Enhanced Diagnostic Tools
A novel bead-based suspension assay using Bridged Nucleic Acid, BNA-NC, probes for the Luminex (USA) LabScan200 flow platform was develop and validated by Shivarov et al. in 2014. This assay allows quantitative detection of DNMT3A p.R882C/H/R/S mutations. The comparison with LNA based probes revealed the superior hybridization characteristics of the BNA based probes. The researchers demonstrated for the first time the benefit of BNA-NC probes coupled to fluorescently labeled beads for quantitative detection of DNMT3A R882 mutations. This type of assay adds to the list of molecular diagnostics techniques used for the analysis of biological markers in genomic and proteomic research. The specific diagnosis and monitoring of diseases enables detection and evaluation of disease risks for individual patients. By analyzing the specifics of a patient’s disease, molecular diagnostics offers the promise to enable and optimize personalized medicine.
Leukemia is an often malignant blood disease that has the tendency to become progressively worse. This type of cancer of the blood or bone marrow is characterized by an abnormal increase of immature white blood cells. However, the term leukemia is also used to cover a whole spectrum of diseases affecting the blood, bone marrow, and lymphoid system, all known as hematological neoplasms. Leukemia is now considered to be a treatable disease. Several hematologic malignant tumors are characterized by genome instabilities. As identified by whole genome sequencing, these cancer types frequently have between 10,000 and 100,000 mutations in their entire genomes. Mutations in the human DNA methyl transferase 3A (DNMT3A) gene have now been identified in several blood diseases. The methyl-group transferring enzyme, DNA methyltransferase 3A (DNMT3A) is one of two human de novo DNA methyltransferases essential for the regulation of gene expression and mutations. and deletions in this protein have been observed in acute myeloid leukemia (AML), Acute lymphoblastic leukemia (ALL), myelodysplastic sydromes and myeloproliferative neoplasms. Myeloid cells represent a prominent part of local inflammatory infiltrates in the central nervous system (CNS) and appear to strongly contribute to the local inflammatory milieu and the pathological outcome of diseases involving these cells.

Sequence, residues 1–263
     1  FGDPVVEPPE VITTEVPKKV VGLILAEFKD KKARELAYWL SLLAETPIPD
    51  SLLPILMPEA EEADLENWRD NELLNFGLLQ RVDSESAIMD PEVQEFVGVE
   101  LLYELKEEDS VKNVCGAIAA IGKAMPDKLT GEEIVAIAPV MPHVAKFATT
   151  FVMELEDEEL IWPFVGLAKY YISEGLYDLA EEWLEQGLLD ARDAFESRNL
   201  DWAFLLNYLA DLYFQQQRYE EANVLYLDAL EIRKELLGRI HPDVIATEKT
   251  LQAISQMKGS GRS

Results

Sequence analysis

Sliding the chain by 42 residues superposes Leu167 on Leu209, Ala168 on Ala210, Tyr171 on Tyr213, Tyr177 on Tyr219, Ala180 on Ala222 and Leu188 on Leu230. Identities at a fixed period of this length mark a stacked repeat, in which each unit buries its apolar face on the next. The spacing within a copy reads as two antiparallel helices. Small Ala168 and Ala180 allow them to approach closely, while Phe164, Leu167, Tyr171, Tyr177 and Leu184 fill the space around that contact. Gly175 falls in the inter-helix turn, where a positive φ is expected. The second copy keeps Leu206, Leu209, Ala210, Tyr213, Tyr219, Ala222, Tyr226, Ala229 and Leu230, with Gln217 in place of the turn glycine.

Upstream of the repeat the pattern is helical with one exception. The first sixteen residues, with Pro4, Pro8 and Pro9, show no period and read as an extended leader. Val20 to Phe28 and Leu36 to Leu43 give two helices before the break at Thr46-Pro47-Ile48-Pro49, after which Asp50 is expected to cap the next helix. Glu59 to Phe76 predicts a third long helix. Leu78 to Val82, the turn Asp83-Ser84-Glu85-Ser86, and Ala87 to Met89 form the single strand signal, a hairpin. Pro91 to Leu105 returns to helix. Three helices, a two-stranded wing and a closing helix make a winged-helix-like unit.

Kim et al. in 2013 used PCR and direct sequencing to analyze mutations of DNMT3A amino acid residue R882 in 99 acute leukemia patients, including 57 AML patients, 41 ALL patients and a single biphenotypic acute leukemia (BAL) patient. The most common immunophenotype in BAL patients is defined by the coexpression of B-lymphoid and myeloid markers and less frequently, T-lymphoid and myeloid markers. BAL has a high incidence of clonal chromosomal abnormalities, the most common being the t(9;22) (q34;q11) (Ph chromosome) and structural abnormalities involving 11q23. Data are emerging that BAL has a negative prognosis in both children and adults and this may be related to the underlying chromosome abnormalities. The research group detected DNMT3A expression in mononuclear cells of the bone marrow in these patients and in normal individuals using real‑time quantitative polymerase chain reaction. Approximately 17.5% (10/57) of AML patients were found to exhibit DNMT3A mutations, and four missense mutations were observed in the DNMT3A‑mutated AML patients, including R882 mutations and a novel single nucleotide polymorphism resulting in a M880V amino acid substitution. It is now known that somatic heterozygous mutations of the DNA methyltransferase gene DNMT3A occur frequently in acute myeloid leukemia and other hematological malignancies. The majority (∼60%) of these affect a single amino acid, Arg882 (R882), located in the catalytic domain of the enzyme. In 2013, Kim et al. could show that exogenously expressed mouse Dnmt3a proteins that have the corresponding R878 mutations largely fail to mediate DNA methylation in murine embryonic stem (ES) cells but are capable of interacting with wild-type Dnmt3a and Dnmt3b. The coexpression of the Dnmt3a R878H (histidine) mutant protein resulted in inhibition of the wild-type Dnmt3a and Dnmt3b to methylate DNA in murine ES cells. In addition the expression of Dnmt3a R878H in ES cells containing endogenous Dnmt3a or Dnmt3b induced hypomethylation which suggests that the DNMT3A R882 mutations, in addition to being hypomorphic, have dominant-negative effects. The current literature suggests that the presence of DNMT3A mutations is an adverse prognosis biomarker in adult acute myeloid leukemia and that the rapid detection of DNMT3A R882 codon mutations allows for early identification of poor risk patients with acute myeloid leukemia.